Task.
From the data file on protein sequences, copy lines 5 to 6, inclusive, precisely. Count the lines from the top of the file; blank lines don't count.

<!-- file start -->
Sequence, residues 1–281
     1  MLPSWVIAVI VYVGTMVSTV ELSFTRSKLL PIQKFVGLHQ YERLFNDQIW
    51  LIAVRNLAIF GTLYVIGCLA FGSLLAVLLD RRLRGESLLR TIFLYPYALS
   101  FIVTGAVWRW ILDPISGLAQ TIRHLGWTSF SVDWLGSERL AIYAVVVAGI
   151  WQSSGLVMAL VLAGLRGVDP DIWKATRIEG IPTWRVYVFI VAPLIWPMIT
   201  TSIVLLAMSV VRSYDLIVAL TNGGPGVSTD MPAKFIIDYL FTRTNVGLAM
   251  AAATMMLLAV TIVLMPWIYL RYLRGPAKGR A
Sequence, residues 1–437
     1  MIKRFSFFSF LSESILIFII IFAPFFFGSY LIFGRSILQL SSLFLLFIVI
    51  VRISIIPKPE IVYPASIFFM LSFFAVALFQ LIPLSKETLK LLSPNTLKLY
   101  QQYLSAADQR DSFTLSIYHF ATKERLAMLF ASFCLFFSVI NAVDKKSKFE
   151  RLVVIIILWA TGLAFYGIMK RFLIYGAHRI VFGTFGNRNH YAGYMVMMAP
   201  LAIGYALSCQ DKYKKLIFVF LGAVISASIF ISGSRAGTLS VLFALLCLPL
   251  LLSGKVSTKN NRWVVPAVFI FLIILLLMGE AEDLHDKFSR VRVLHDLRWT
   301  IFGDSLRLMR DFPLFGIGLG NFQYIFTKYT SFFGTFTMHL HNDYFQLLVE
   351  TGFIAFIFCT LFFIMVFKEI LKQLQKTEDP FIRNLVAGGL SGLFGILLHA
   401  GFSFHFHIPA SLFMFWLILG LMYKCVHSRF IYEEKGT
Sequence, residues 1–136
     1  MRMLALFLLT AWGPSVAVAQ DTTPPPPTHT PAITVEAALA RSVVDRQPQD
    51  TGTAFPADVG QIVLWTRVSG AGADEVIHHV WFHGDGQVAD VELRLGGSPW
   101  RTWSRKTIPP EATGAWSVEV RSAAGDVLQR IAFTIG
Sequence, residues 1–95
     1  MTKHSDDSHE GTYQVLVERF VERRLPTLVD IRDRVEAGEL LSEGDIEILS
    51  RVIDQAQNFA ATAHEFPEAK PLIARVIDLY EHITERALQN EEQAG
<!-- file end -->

   151  WQSSGLVMAL VLAGLRGVDP DIWKATRIEG IPTWRVYVFI VAPLIWPMIT
   201  TSIVLLAMSV VRSYDLIVAL TNGGPGVSTD MPAKFIIDYL FTRTNVGLAM